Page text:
But how tough could it be? Arizona is too big to miss and I was sure they would hand out tourist maps at the border visitor center. I'd just take this road (Rt 92) east and eventually something would magically appear.



Like a train museum in Campo. The road had dwindled until it was a rough two land through some hard scrabble ranch land, then this delightful little museum popped up and called for attention




It was simple and unassuming, and closed, but it was a chance to get off the bike and stretch my legs.


A metaphor for our lives?
The road basically paralleled the border and showed the harsh desert that separated the two countries. The fence that the U.S. has erected seems like a bizarre joke if you imagine crossing this landscape.



It runs across the desert and then has big gaps in it when it comes to the hills. I didn't get real close to it but it didn't look unclimbable. Maybe the point is to funnel anyone crossing into choke points where they are more easily apprehended.


Going on and on for mile after mile.
I can't imagine how many of millions of dollars were squandered on this.
In El Centro I met a guy who claimed ownership of Mad Maps. A pretty funny guy who had lots to say about just about everything. I had gotten a late start out of San Diego and it was time to pick a spot for the night. I really didn't want to camp where I might be mistaken for an illegal border crosser so I asked if he had a recommendation for a cheap motel in Yuma. He said the Yuma Cabana was a good place for only $40 a night so I jumped on the freeway and picked up speed.

In Yuma his directions were a little vague but it turns out there is a strip of inexpensive motels, all cheap, and all with vacancies. The Yuma Cabana was right in the middle and looked as good as any. Just give me the key and let me put my head on a pillow.



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Tuesday, October 14, 2014

Mr Beth meets Mr Honda

If you're into vintage Honda's from the '60's and 70's you know the name, Bill Silver. Bill writes a column for the San Francisco Examiner about his adventures, trials, and tribulations with old bikes.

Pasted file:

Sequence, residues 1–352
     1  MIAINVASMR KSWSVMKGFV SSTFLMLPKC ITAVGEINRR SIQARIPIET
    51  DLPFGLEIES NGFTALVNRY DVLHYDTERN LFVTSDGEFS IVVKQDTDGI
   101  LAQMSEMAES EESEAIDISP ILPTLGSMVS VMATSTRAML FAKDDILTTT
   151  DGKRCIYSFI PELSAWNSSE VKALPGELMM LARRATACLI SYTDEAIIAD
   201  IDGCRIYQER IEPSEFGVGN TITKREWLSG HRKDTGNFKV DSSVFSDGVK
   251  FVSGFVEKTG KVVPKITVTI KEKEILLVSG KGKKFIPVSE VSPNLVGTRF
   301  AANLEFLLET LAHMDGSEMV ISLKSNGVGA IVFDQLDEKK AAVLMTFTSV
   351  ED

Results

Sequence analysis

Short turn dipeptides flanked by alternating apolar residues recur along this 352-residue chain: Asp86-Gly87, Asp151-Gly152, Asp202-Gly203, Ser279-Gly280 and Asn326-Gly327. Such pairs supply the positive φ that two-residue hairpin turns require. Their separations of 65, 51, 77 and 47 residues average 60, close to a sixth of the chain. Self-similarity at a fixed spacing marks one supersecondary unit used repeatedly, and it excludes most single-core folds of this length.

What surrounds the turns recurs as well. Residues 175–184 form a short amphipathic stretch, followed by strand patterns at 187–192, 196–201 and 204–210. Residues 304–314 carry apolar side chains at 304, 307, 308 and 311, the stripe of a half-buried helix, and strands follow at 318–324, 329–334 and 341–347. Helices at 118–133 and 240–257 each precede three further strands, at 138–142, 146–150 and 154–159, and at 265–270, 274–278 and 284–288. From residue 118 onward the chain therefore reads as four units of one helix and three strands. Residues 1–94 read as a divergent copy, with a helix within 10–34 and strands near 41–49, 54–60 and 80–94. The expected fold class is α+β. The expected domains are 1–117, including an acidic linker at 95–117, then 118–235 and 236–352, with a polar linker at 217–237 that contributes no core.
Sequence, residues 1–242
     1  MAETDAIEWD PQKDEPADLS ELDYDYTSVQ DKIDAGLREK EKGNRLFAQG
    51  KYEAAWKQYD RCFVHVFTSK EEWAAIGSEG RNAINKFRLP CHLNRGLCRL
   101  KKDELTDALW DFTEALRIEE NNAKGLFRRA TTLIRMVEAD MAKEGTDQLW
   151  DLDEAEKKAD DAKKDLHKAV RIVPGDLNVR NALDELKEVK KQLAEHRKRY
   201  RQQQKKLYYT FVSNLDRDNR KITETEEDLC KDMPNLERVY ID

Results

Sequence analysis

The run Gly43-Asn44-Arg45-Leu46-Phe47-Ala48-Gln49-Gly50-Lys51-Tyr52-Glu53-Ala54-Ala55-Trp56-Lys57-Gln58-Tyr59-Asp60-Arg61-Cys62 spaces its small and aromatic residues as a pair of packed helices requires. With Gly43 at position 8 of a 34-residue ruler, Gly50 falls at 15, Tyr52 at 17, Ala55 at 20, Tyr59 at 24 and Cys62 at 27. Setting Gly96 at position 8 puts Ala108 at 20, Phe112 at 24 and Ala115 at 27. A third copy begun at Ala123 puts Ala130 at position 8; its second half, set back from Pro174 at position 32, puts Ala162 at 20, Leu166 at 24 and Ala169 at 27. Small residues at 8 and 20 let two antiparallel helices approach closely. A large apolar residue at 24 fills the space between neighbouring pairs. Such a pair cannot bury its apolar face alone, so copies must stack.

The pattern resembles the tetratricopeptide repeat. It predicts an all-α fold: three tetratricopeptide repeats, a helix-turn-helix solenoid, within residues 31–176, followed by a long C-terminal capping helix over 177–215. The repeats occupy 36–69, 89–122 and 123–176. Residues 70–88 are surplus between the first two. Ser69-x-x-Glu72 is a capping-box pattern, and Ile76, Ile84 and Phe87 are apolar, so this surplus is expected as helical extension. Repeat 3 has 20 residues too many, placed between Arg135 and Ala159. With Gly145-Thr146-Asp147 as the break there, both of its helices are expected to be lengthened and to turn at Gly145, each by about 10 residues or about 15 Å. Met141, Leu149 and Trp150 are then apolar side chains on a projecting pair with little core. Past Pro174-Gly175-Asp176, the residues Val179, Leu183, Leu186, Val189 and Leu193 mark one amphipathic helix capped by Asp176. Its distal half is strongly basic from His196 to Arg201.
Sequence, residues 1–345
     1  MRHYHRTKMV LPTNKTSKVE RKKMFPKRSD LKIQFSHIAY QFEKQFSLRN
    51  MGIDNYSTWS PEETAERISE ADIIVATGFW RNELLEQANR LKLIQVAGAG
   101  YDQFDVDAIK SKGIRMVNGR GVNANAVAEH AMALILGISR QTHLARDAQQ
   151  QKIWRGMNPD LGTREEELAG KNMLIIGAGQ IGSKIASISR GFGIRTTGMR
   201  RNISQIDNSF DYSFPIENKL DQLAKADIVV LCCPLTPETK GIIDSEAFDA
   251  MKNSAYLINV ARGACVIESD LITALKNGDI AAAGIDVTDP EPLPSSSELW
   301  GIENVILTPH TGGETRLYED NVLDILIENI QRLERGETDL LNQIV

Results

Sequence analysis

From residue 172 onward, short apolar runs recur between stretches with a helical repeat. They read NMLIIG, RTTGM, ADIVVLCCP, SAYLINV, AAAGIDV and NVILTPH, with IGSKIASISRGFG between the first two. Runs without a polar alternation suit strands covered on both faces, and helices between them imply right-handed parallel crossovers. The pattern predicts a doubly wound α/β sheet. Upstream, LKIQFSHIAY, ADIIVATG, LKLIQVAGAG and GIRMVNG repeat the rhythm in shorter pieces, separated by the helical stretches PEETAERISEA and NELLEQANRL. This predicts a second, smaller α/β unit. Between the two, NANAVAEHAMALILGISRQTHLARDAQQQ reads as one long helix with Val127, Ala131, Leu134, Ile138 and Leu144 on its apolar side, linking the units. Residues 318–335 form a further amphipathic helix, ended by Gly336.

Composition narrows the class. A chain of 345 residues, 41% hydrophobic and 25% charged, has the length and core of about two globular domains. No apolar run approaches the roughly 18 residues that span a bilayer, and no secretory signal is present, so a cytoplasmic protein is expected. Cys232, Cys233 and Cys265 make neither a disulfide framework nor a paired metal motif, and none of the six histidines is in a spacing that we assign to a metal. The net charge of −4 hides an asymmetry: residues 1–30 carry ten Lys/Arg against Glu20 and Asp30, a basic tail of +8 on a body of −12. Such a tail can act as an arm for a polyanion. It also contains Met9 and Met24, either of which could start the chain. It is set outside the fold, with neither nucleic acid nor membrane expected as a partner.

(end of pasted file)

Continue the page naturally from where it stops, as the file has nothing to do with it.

He is rightly known as Mr Honda and is the #1 authority on vintage Hondas in the U.S., if not the world. He has written several books and restoration guides on the subject. Check out the Classic Honda Motorcycles for a sample of the authority he brings to the subject.

Last night I caught up with him after his return from the Barber Vintage Festival in Alabama. We hadn't seen each other in a couple of years so, over some excellent Thai food, we caught up on each others activities. Five hours of chatting and story telling that made me remember a lot of good times with old friends.

But it wasn't just the old days that we talked about. Frankly, that's a subject that causes me to glaze over quickly. Been there, done that, had a salad.

We talked about current state of motorcycling and motorcycle collecting, contemporary motorcycles (good and bad), and some of the people we know and what they are doing now. We looked into the future of motorcycling and what the manufacturers are up to. So it was a little of looking back and gazing forward. In all, a most enjoyable time.

Beth at the track on her Ducati 900 SS FE
And who is Mr. Beth? That's what I'm known as at the track. Beth races and I'm her pit crew. Everyone knows Beth and I'm just, you know, Mr. Beth ...









What else have I done while I'm here in San Diego? Went to the beach of course!



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Sunday, October 12, 2014

Death Valley to San Diego



It's hard to do justice to the country I'm riding through. Words and photos just seem pale by comparison. The desert is subtle to begin with. You need to be quiet and wait for it to come to you. 

Then you notice the little things; varying shades of color in the sand, a tiny lizard scurrying across the rocks, a bird soaring high on unseen air currents. 

I sit to the side and watch people flying by in their air conditioned cars, occasionally sticking a camera out the window to take a picture of what? Something to prove they were here to their friends back home? Don't forget to buy the t-shirt too!

On the road south I passed out of Death Valley and headed toward the Mojave desert. 


Along the way I passed the Dumont Dunes and the Kelso Dunes. Way to soft for me to do anything but approach cautiously and then turn back before I got stuck.


In Kelso I found this restored train station.



It's a National Park Service site now. The lunch counter is ready for use and they are looking for someone to run it. A retirement opportunity?


Crossing Rt 66 was totally unexpected. I took a chance that nobody was coming to grab this picture.



And everyone loves a train.


After that I continued into the Joshua Tree desert and later the Anza-Borrego desert. By this time it was getting late and I was more interested in getting to San Diego than sightseeing. 


I made a tactical error in heading west through Julian rather than staying on Rt 86 south to El Centro. Julian is a nice little mountain town that I remembered from days past. What I had forgotten was how tight and twisty the roads were getting to and from there. Lots of fun in the daytime, a real pain in the dark. I might have saved some miles but I lost time from my slow pace.